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  • OFAC regulations address foreign interference in U.S. elections

    Financial Crimes

    On April 26, the U.S. Treasury Department’s Office of Foreign Assets Control (OFAC) announced regulations effective April 29 implementing Executive Order (E.O.) 13848. As previously covered by InfoBytes, E.O. 13848 was issued last September to authorize sanctions against foreign persons found to have engaged in, assisted, or otherwise supported foreign interference in U.S. elections. OFAC stated it intends to supplement the final rule with further regulations, “which may include additional interpretive and definitional guidance, general licenses, and statements of licensing policy.”

    Financial Crimes OFAC Department of Treasury Sanctions Of Interest to Non-US Persons

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  • OFAC sanctions Venezuelan officials connected to Maduro regime

    Financial Crimes

    On April 26, the U.S. Treasury Department’s Office of Foreign Assets Control (OFAC) announced sanctions against the two individuals identified as current or former officials of the Government of Venezuela for providing support to former President Maduro’s regime. Financial Crimes Enforcement Network advisories FIN-2017-A006, FIN-2017-A003, and FIN-2018-A003 provide additional information concerning the efforts of Venezuelan government agencies and individuals to use the U.S. financial system and real estate market to launder corrupt proceeds, as well as human rights abuses connected to foreign political figures and their financial facilitators. As a result, all property and interests in property of the sanctioned individuals, and of any entities owned 50 percent or more by them subject to U.S. jurisdiction, are blocked and must be reported to OFAC. U.S. persons are generally prohibited from entering into transactions with designated persons.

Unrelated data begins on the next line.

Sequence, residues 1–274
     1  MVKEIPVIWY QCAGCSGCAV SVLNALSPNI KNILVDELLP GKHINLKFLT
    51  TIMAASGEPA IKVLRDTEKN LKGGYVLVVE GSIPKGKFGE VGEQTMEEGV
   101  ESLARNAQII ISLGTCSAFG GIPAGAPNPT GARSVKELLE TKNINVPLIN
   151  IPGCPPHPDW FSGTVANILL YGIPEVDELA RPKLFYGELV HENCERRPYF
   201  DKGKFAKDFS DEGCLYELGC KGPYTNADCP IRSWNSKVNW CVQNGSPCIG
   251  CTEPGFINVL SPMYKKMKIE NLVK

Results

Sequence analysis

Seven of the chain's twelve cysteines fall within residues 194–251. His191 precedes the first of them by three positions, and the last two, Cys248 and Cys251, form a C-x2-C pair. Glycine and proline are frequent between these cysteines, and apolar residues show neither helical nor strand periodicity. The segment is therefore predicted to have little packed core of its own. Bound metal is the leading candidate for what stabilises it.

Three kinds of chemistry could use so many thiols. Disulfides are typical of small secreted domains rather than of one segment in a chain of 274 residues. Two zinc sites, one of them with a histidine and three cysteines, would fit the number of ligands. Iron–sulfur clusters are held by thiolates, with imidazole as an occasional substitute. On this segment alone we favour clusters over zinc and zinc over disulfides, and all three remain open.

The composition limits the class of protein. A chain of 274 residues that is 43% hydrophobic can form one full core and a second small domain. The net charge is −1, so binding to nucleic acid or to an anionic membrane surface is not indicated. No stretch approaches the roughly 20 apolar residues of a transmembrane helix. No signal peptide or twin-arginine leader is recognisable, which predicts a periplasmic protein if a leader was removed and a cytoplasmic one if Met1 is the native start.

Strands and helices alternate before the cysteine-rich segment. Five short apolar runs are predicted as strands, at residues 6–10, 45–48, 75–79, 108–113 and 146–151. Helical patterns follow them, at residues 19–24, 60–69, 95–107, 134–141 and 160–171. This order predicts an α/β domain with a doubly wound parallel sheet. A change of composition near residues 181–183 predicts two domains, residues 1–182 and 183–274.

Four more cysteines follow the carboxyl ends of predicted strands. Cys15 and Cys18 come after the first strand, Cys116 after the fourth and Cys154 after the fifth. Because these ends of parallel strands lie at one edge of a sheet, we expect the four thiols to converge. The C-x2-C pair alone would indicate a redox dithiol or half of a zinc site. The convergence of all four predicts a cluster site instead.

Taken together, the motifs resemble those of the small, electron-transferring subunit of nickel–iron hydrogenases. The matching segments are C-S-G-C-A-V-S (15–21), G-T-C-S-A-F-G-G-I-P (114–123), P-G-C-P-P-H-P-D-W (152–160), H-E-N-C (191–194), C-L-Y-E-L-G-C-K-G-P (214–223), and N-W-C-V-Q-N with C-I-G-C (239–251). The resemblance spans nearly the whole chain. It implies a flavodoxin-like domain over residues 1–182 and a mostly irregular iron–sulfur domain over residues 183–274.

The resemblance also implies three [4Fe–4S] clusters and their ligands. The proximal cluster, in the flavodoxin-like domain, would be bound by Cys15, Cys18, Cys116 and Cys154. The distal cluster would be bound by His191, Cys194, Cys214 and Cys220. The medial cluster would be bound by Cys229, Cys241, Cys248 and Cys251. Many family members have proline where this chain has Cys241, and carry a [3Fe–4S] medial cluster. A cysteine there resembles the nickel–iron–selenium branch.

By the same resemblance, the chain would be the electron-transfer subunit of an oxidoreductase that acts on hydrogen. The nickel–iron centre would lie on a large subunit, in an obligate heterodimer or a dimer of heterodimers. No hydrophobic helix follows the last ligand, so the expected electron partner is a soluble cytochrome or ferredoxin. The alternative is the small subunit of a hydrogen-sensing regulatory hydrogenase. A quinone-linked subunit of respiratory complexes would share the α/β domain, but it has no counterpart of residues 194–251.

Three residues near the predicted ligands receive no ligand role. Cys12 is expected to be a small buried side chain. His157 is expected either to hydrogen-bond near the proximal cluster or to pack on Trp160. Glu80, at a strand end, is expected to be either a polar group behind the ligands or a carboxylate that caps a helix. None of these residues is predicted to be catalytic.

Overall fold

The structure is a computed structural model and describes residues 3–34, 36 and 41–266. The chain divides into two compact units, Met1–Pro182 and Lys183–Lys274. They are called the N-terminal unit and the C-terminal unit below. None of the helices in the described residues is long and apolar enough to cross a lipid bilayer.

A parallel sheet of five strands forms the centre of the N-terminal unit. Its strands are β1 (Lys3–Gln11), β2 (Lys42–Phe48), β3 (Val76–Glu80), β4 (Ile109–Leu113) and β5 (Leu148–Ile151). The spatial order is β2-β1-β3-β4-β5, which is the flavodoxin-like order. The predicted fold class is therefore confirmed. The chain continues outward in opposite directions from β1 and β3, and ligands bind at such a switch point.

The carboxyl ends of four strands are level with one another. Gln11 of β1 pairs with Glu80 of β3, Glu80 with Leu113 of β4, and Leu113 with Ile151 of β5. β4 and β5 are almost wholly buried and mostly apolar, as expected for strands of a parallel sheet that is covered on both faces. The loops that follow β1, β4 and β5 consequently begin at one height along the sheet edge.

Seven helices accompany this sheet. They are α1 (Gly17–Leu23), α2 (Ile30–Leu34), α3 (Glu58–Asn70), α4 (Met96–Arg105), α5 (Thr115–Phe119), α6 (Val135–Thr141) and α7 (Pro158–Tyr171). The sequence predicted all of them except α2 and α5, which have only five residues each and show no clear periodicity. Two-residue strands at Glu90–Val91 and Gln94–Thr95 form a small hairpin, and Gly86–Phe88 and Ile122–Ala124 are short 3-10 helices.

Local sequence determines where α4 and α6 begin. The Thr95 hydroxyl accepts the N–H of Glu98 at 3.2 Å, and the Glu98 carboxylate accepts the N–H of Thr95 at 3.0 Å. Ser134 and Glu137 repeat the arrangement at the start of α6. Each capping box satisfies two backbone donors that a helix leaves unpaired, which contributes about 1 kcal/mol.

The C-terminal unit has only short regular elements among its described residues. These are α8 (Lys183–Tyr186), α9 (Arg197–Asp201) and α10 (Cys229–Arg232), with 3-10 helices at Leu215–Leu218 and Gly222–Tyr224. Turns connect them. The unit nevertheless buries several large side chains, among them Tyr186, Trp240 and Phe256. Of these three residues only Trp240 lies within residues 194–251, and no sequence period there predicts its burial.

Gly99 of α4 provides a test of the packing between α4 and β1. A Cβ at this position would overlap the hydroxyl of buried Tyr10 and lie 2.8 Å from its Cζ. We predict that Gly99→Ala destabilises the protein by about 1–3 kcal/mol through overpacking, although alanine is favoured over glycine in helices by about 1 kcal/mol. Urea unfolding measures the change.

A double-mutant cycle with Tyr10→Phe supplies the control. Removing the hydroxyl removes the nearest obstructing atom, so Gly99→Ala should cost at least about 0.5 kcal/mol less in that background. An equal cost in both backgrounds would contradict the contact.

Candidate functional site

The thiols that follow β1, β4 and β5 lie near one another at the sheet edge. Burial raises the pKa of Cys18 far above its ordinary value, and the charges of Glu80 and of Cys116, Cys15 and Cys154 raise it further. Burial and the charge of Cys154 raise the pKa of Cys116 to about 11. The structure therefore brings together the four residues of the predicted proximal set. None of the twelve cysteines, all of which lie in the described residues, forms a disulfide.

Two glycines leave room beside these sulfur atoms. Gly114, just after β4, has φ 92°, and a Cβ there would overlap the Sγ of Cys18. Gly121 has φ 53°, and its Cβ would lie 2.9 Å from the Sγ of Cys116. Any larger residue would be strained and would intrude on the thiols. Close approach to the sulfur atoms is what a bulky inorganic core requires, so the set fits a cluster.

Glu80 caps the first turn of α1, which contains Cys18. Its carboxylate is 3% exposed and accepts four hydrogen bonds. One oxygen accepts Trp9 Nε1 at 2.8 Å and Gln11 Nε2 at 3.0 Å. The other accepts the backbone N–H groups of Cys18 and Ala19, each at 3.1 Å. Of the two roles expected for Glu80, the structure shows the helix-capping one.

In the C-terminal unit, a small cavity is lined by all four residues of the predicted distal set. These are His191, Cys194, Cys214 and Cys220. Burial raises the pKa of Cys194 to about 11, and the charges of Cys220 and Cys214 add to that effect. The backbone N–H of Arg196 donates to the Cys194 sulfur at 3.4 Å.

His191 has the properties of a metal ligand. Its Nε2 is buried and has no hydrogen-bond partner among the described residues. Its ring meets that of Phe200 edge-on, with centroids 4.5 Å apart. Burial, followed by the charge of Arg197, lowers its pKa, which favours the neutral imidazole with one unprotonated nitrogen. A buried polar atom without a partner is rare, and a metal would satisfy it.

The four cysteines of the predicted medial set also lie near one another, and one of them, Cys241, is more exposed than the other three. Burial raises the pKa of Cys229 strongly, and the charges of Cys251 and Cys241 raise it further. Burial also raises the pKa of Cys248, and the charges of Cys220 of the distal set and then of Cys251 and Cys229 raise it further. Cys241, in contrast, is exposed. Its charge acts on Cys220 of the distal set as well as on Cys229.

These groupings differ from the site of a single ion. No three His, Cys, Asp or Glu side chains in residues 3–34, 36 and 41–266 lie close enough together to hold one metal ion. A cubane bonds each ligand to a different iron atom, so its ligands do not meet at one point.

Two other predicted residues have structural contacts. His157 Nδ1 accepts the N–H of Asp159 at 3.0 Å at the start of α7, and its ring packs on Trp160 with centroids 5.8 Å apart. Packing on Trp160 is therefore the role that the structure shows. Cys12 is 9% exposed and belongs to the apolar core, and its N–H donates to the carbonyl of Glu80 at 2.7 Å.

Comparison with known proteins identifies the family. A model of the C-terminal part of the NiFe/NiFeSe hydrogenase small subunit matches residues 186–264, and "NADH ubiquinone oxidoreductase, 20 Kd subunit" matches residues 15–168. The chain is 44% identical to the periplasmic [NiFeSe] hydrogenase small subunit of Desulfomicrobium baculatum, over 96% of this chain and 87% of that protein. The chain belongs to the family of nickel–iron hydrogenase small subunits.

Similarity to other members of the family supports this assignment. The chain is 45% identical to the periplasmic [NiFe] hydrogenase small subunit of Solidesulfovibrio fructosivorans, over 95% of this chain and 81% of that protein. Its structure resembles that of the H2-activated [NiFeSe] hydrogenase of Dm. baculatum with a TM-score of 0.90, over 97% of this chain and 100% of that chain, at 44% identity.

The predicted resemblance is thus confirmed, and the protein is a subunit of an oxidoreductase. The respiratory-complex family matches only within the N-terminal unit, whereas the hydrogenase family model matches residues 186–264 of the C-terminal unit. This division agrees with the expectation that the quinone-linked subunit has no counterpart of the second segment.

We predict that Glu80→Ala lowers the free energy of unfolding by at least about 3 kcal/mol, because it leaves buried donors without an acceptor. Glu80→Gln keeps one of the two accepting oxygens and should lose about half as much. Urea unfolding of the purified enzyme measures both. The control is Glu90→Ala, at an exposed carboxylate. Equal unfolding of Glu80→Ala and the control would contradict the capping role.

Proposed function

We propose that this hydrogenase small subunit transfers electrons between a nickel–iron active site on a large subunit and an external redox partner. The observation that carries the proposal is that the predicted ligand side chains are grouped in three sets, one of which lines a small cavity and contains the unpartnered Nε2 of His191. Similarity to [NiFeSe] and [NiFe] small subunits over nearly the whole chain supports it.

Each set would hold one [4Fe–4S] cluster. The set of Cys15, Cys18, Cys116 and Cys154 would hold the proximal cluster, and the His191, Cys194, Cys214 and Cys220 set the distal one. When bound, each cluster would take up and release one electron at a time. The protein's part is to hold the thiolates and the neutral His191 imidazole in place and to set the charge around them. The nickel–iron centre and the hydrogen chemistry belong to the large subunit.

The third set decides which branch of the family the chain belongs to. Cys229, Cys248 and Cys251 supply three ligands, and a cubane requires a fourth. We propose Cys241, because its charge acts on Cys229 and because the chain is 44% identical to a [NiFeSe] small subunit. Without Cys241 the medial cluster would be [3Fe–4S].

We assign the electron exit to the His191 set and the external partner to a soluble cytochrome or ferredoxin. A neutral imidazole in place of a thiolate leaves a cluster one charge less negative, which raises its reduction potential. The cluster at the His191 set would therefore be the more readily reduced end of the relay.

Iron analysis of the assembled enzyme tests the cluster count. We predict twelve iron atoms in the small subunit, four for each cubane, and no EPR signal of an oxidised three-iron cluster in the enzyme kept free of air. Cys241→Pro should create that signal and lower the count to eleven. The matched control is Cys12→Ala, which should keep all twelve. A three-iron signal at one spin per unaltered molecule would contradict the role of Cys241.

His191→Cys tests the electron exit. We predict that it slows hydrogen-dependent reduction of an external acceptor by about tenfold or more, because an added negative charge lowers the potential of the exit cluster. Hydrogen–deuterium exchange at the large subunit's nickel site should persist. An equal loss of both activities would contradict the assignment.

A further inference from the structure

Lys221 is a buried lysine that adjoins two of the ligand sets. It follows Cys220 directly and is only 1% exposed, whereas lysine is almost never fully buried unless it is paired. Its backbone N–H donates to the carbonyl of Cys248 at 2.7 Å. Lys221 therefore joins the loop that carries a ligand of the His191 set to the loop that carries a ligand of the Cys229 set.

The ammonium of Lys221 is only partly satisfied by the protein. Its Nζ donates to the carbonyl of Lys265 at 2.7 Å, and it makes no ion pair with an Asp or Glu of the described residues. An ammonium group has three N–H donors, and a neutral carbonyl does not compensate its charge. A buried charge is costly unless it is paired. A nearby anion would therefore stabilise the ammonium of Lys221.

Visit here for continuing InfoBytes coverage of actions related to Venezuela.

    Financial Crimes OFAC Department of Treasury Sanctions Venezuela

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  • OFAC sanctions Hizballah financier conduits

    Financial Crimes

    On April 24, the U.S. Treasury Department’s Office of Foreign Assets Control (OFAC) announced sanctions against two individuals and three entities “acting as conduits for sanctions evasion schemes" for Hizballah finances. The designated entities and individuals are also subject to secondary sanctions pursuant to the Hizballah Financial Sanctions Regulations, which implement the Hizballah International Financing Prevention Act of 2015, and allows OFAC the authority to “prohibit or impose strict conditions on the opening or maintaining in the United States of a correspondent account or a payable-through account by a foreign financial institution that knowingly facilitates a significant transaction for Hizballah, or a person acting on behalf of or at the direction of, or owned or controlled by, Hizballah.” As a result, all property and interests in property of the sanctioned individuals and entities, and of any entities owned 50 percent or more by them subject to U.S. jurisdiction, are blocked and must be reported to OFAC. U.S. persons are also generally prohibited from entering into transactions with designated persons. 

    Visit here for additional InfoBytes coverage on sanctions involving Hizballah networks.

    Financial Crimes OFAC Department of Treasury Sanctions

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  • OFAC reaches settlement with New Jersey corporation for alleged Ukrainian sanctions violations